Welcome back to Franchise Festival, a fortnightly column where we explore and discuss noteworthy video game series from the last four decades. Older entries can be found in the archive here.
This week we’ll be seeing the history of Metroid Prime from a new perspective. All cover art is from MobyGames unless otherwise noted. Where two dates or years are listed, the first is North America and the second is Japan. For more details on the history of Metroid, please read Franchise Festival #120: Metroid.
Jeff Spangenberger founded Iguana Entertainment in San Francisco in 1991, but soon relocated to Austin in an effort to reduce expenses. The studio’s first hit, mascot platformer Aero the Acrobat (1993), paved the way for its 1995 acquisition by Acclaim and a string of visually-impressive 3D titles in the mid-’90s, including Turok: Dinosaur Hunter (1997) and Iggy’s Wrecking Balls (1998). When Spangenberger was laid off by Acclaim in 1998, he immediately founded Retro Studios and began poaching competitors’ best programmers and artists for his new venture.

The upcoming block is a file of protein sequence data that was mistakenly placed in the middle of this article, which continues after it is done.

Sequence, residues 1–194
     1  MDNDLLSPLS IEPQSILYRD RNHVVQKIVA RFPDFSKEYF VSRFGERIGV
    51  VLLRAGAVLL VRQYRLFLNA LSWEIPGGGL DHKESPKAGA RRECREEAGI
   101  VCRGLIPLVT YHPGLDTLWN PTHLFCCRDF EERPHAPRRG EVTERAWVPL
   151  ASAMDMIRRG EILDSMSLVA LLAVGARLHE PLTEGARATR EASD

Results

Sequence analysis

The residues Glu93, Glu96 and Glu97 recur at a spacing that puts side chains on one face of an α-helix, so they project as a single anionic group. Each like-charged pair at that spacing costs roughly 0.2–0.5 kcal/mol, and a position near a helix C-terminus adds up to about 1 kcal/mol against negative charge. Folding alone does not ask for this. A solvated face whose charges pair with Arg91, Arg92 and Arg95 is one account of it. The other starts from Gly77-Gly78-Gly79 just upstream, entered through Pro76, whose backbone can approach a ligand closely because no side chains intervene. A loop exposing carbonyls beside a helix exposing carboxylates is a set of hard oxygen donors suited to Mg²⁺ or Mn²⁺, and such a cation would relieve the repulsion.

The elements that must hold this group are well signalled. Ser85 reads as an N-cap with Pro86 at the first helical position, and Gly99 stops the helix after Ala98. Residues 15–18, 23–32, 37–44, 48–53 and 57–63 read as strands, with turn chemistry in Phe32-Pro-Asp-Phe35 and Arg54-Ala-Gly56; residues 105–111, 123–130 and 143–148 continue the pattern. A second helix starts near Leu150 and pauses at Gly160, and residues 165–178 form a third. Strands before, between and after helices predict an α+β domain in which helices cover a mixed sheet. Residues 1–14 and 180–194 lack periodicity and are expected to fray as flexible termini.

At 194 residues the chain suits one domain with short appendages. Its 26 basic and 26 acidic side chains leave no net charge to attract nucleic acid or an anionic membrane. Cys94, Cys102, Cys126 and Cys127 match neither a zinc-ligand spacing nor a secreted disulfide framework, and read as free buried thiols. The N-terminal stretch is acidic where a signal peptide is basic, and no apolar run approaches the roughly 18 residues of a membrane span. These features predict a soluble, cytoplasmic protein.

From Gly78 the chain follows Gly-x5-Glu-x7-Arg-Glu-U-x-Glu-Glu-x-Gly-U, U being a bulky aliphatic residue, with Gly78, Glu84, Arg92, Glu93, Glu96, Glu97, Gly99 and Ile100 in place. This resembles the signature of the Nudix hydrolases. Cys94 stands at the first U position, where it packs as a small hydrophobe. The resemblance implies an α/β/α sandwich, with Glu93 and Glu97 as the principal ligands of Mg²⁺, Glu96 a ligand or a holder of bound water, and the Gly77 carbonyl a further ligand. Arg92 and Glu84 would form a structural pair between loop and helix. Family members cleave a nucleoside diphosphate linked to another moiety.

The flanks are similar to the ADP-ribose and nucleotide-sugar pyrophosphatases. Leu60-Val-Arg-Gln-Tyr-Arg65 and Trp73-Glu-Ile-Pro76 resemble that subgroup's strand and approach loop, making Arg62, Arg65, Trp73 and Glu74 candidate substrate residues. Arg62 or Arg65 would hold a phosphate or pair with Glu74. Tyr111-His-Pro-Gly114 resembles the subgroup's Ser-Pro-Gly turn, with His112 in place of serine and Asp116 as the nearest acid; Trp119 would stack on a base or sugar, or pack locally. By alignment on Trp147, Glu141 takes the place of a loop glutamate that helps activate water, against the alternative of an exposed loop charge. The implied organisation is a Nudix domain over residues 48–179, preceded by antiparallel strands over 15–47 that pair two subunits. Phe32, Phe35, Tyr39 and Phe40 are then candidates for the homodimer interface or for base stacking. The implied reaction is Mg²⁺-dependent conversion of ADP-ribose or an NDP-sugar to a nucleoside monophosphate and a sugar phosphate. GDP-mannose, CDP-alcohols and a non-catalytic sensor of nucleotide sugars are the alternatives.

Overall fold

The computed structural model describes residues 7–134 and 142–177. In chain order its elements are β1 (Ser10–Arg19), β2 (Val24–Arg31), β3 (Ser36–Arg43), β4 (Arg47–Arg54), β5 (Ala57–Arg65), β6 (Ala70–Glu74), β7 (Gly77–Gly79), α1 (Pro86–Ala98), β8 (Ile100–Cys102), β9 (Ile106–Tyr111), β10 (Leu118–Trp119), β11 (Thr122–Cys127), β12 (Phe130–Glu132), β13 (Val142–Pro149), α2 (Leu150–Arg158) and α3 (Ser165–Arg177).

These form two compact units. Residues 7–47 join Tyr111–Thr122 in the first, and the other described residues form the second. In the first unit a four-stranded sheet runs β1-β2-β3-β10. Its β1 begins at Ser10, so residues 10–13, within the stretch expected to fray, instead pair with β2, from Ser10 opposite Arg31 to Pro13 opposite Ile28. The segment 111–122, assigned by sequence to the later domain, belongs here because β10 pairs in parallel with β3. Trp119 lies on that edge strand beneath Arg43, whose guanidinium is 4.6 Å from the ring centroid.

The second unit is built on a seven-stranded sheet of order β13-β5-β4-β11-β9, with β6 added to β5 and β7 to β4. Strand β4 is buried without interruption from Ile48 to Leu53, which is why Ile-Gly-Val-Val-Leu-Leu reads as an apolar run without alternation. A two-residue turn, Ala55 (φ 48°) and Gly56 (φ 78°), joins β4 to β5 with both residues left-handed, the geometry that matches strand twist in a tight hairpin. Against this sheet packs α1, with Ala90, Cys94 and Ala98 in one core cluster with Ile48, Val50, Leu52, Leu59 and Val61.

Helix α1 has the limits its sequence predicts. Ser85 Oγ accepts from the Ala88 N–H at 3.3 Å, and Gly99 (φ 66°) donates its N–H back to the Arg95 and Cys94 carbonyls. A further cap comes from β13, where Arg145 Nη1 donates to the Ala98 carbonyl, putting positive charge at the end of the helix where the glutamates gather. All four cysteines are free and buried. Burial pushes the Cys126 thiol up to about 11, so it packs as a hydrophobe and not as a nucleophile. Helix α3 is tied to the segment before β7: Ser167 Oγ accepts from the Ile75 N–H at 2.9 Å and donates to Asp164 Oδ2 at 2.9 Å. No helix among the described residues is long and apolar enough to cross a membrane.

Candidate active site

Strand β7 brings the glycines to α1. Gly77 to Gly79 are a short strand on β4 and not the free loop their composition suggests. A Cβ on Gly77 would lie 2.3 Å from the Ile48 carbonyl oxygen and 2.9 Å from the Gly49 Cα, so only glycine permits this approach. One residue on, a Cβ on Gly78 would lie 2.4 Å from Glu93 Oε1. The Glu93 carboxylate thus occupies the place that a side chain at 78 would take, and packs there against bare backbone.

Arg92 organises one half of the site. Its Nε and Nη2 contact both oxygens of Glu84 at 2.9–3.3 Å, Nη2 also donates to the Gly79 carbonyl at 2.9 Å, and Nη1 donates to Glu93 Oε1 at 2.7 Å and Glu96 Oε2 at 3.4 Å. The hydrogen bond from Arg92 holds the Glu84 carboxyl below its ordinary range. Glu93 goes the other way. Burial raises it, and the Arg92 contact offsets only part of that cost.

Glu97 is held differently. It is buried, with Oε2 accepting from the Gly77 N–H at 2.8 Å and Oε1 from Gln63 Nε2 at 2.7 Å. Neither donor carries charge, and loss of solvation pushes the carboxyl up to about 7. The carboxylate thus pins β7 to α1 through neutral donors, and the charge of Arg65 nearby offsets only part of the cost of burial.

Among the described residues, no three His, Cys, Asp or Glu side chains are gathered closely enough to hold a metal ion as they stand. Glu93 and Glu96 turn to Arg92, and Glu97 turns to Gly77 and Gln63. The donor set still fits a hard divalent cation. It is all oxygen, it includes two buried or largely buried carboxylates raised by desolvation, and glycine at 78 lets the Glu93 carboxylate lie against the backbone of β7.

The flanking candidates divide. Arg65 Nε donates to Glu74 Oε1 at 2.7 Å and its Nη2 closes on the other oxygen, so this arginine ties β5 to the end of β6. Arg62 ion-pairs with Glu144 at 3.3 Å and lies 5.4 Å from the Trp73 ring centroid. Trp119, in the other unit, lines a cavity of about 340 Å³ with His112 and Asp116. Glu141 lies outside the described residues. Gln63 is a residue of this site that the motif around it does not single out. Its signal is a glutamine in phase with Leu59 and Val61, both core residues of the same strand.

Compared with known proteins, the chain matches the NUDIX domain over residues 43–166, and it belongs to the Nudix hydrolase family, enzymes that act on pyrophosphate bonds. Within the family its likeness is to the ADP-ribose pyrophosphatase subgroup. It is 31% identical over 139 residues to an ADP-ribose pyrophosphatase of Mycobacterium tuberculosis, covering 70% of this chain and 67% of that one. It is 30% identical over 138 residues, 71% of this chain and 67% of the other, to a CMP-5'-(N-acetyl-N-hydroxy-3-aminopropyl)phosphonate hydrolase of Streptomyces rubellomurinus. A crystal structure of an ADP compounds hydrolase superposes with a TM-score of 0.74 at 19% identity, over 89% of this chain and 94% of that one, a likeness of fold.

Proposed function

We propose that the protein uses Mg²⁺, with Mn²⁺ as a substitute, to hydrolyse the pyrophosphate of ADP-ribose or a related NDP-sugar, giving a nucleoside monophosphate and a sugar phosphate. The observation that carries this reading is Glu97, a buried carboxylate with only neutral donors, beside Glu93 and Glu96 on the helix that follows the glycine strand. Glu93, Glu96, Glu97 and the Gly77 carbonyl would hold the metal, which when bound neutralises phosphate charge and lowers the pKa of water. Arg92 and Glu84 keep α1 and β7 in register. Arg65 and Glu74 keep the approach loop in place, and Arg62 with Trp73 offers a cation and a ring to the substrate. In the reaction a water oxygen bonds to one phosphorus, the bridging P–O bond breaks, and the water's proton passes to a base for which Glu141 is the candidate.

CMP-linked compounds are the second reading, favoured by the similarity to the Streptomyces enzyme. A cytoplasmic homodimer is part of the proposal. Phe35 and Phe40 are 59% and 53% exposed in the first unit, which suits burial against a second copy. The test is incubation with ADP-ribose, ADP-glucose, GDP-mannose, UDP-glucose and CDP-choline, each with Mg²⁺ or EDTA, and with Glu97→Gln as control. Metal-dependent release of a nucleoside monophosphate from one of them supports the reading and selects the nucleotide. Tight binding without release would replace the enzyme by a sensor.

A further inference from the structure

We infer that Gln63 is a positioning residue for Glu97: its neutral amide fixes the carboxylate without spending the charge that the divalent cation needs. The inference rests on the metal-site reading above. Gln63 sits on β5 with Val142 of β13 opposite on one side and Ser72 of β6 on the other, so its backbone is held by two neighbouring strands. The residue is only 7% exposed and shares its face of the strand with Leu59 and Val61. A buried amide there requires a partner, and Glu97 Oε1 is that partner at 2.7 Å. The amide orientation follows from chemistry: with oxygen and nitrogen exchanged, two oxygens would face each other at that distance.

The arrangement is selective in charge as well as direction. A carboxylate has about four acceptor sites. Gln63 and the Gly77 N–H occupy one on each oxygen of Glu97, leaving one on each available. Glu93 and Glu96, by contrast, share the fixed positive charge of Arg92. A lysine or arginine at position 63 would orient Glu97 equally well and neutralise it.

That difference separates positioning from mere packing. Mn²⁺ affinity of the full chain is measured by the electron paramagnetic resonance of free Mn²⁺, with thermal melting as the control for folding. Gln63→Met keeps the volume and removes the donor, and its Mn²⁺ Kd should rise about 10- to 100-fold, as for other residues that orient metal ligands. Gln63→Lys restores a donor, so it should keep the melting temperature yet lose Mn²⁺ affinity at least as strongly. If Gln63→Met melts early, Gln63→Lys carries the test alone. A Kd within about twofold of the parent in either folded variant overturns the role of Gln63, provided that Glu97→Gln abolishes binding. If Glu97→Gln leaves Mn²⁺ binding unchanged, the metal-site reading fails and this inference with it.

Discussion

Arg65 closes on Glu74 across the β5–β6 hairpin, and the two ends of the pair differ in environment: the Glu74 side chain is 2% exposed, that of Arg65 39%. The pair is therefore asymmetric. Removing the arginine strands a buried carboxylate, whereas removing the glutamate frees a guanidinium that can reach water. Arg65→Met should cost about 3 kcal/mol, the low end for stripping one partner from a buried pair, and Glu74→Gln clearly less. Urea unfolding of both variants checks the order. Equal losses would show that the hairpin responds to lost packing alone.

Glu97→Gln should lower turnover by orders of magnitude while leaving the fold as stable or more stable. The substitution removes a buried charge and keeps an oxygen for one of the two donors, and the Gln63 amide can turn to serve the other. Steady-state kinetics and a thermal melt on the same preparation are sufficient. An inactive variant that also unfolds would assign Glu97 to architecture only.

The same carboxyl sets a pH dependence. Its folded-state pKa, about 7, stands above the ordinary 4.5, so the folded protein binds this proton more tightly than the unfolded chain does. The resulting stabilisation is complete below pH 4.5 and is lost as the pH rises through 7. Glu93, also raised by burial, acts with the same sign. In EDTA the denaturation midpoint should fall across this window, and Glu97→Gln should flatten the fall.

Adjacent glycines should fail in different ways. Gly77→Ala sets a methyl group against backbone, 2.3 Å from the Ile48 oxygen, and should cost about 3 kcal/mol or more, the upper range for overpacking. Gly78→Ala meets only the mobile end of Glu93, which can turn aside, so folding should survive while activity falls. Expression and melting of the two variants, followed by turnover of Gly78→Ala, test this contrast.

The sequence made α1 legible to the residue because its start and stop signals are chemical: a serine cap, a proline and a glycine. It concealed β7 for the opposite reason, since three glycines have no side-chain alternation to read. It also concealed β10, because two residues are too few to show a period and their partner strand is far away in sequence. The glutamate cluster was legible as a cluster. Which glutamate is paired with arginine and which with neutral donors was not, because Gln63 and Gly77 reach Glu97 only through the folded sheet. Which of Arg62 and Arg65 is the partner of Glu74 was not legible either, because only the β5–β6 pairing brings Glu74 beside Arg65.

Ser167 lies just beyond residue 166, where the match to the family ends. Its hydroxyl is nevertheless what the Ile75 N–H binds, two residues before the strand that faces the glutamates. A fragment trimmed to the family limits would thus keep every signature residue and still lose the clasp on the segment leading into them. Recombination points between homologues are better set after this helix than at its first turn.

Unfortunately, Retro’s early years were characterized by mismanagement. Spangenberger rarely appeared in person and leadership teams comprised of people with limited experience in video games failed to produce demos for any of the four titles it was developing for the GameCube’s 2001 launch. Nintendo had been supporting the company financially with the assumption that it would bolster their upcoming console’s library, but provided only a single development kit and little oversight or direction.
A disastrous visit from Nintendo executives in late 2000 began to change this culture, as they discovered that Retro had nothing substantial to show after two years of investment. The studio was forced to scale back its ambitions to a single project, leading to two rounds of layoffs that dramatically cut Retro’s staff between 2000 and 2001. Following the discovery that Spangenberger was running a lewd website called Sinful Summers on Retro’s servers, Nintendo also bought out Spangenberger’s stake and became its primary shareholder in 2002; the studio’s founder was replaced by then-vice president of product and development Steve Barcia.